Say man, take heart
and Freddy Gutierrez
’s transatlantic collaboration with and alongside individuals in the UK and USA prison systems explores belonging, place and lived experience through movement and poetry/ spoken word intersecting notions of masculinity and mental health. In October 2019, they delivered Say Man, Take Heart at HMP Stafford alongside eleven residents and prison staff. Here, they reflect on this journey
Image: LEFT Freddy Gutierrez. Photo: Antwan Banks Williams; RIGHT David Mckenna. Photo: Jenny Harper.
UK dance artist David Mckenna and USA writer/ poet Freddy Gutierrez first met and began working together in 2017 when David was awarded an Artist International Development Fund grant from Arts Council England. This facilitated the beginning of an inspiring and ongoing artist exchange between the two men. During this time, David worked for eight days with members of the Artistic Ensemble at San Quentin State Prison, San Francisco, California, as an artist in residence working with Freddy and his fellow collaborators.
The Artistic Ensemble is composed of incarcerated and non-incarcerated artists and performers, described as being ‘inside’ and ‘outside’ ensemble members. Co-founded by Freddy and others in 2013 at San Quentin, the ensemble uses physical movement and storytelling to explore personal narrative and lived experiences, regularly sharing performances and events with family, friends and artists inside the prison.
Whilst in residence at San Quentin, David
taught movement technique rooted in parkour and contact improvisation to inside members of the ensemble and together they choreographed some original work. David and Freddy also experimented with fusing movement and text, also sharing this exploration with ensemble members. This work continued a few months later when Freddy travelled to the UK for two days to work with David at HMP Berwyn in Wrexham, Wales.
Here was another opportunity to further explore this developing collaborative language and process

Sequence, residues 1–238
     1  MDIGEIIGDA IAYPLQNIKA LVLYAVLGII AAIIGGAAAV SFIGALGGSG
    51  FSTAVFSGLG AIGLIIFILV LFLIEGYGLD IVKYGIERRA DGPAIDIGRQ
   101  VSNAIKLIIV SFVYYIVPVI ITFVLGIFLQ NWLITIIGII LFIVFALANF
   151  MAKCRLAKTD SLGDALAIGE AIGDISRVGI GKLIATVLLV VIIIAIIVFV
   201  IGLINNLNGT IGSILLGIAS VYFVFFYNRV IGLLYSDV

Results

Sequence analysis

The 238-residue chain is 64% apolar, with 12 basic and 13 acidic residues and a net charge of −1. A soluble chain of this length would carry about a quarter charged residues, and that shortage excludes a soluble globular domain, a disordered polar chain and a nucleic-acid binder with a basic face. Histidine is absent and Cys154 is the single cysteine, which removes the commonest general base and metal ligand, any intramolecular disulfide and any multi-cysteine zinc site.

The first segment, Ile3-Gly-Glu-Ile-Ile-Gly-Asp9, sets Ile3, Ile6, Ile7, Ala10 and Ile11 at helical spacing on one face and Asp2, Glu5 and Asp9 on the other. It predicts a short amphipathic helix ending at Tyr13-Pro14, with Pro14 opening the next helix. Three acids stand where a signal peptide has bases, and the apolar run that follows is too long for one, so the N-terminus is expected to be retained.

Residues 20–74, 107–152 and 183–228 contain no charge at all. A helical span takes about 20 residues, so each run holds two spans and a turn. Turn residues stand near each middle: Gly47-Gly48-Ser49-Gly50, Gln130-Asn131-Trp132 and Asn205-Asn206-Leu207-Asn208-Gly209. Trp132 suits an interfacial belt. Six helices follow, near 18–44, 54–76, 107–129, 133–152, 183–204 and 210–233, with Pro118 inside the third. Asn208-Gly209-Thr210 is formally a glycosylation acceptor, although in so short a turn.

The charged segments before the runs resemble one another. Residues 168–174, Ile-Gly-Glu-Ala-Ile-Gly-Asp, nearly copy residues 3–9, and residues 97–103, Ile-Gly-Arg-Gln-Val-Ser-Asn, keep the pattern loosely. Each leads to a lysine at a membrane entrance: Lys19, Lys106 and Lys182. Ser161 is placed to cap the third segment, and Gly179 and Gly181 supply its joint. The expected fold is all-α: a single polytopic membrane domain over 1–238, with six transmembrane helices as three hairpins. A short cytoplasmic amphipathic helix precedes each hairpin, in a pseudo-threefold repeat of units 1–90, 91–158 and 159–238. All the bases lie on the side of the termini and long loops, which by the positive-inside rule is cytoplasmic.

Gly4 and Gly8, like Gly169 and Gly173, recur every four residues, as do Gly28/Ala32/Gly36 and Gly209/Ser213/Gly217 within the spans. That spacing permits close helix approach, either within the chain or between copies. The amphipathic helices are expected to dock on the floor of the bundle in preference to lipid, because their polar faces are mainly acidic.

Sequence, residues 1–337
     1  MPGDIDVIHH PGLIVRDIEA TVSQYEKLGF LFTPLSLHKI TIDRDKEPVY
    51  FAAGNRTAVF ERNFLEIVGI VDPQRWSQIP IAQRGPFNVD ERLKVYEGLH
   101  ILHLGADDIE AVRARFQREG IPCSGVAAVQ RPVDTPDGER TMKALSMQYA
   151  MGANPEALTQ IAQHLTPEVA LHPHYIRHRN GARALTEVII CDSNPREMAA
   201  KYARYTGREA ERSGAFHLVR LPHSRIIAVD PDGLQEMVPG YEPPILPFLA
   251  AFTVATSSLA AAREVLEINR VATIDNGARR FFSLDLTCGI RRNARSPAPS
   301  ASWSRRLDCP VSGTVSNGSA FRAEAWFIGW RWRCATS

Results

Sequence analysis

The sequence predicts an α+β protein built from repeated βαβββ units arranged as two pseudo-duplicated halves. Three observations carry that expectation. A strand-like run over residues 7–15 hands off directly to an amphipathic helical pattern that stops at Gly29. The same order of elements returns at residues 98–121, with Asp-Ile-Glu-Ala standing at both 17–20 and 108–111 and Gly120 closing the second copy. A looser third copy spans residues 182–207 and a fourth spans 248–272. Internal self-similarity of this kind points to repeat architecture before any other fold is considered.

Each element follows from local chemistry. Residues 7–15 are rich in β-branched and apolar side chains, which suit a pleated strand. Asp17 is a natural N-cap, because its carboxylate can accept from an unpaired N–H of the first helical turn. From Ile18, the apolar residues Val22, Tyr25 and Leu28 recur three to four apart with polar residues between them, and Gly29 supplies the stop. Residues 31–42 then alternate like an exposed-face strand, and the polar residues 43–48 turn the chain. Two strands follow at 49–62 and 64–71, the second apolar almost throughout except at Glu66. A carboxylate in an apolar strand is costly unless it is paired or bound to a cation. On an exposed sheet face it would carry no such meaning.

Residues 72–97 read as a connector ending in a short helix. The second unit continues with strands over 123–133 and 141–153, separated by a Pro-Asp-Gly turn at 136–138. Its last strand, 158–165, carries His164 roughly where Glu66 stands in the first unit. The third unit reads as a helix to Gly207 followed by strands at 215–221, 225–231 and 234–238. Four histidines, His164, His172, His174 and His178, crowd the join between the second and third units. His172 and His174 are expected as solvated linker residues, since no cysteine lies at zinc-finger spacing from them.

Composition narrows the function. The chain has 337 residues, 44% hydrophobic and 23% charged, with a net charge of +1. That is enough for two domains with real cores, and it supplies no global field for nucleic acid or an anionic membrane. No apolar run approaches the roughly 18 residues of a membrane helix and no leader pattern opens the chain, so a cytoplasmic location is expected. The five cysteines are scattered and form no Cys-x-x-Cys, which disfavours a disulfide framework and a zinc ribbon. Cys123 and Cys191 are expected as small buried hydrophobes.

facilitated by integrating poetry and dance sessions with prison residents.
Here, Freddy talks about how the artistic partnership developed:
“David and I found that we work seamlessly together. Building on a combined 33 years of creative work and our collaboration in Wales in 2019, we landed a three-week residency at the prestigious Headland Center for the Arts located in Sausalito, California, just across the Golden Gate Bridge.
Headlands Center for the Arts is a multidisciplinary, international arts center dedicated to supporting artists; the creative process; and
the development of new, innovative ideas and artwork. The residency offered us the opportunity to collaborate again but this time over a sustained period. This gave us the time and space to develop our working methods and forge a solid working relationship for future projects. The location of Headlands gave a unique opportunity for David to access the Artistic Ensemble in San Quentin Prison, where we were able to try out some of our findings, share them with inside members, thus continuing their ongoing support and feedback. The residency offered us a viable environment in which to explore creative ideas and create scratch work (testing of ideas) for further development both in the USA
and the UK.”
Headlands Center for the Arts, Sausalito, USA
At Headlands, David aimed to make work that incorporated dance with live spoken word poetry. This approach was not only driven by Freddy’s work as a spoken word poet and writer but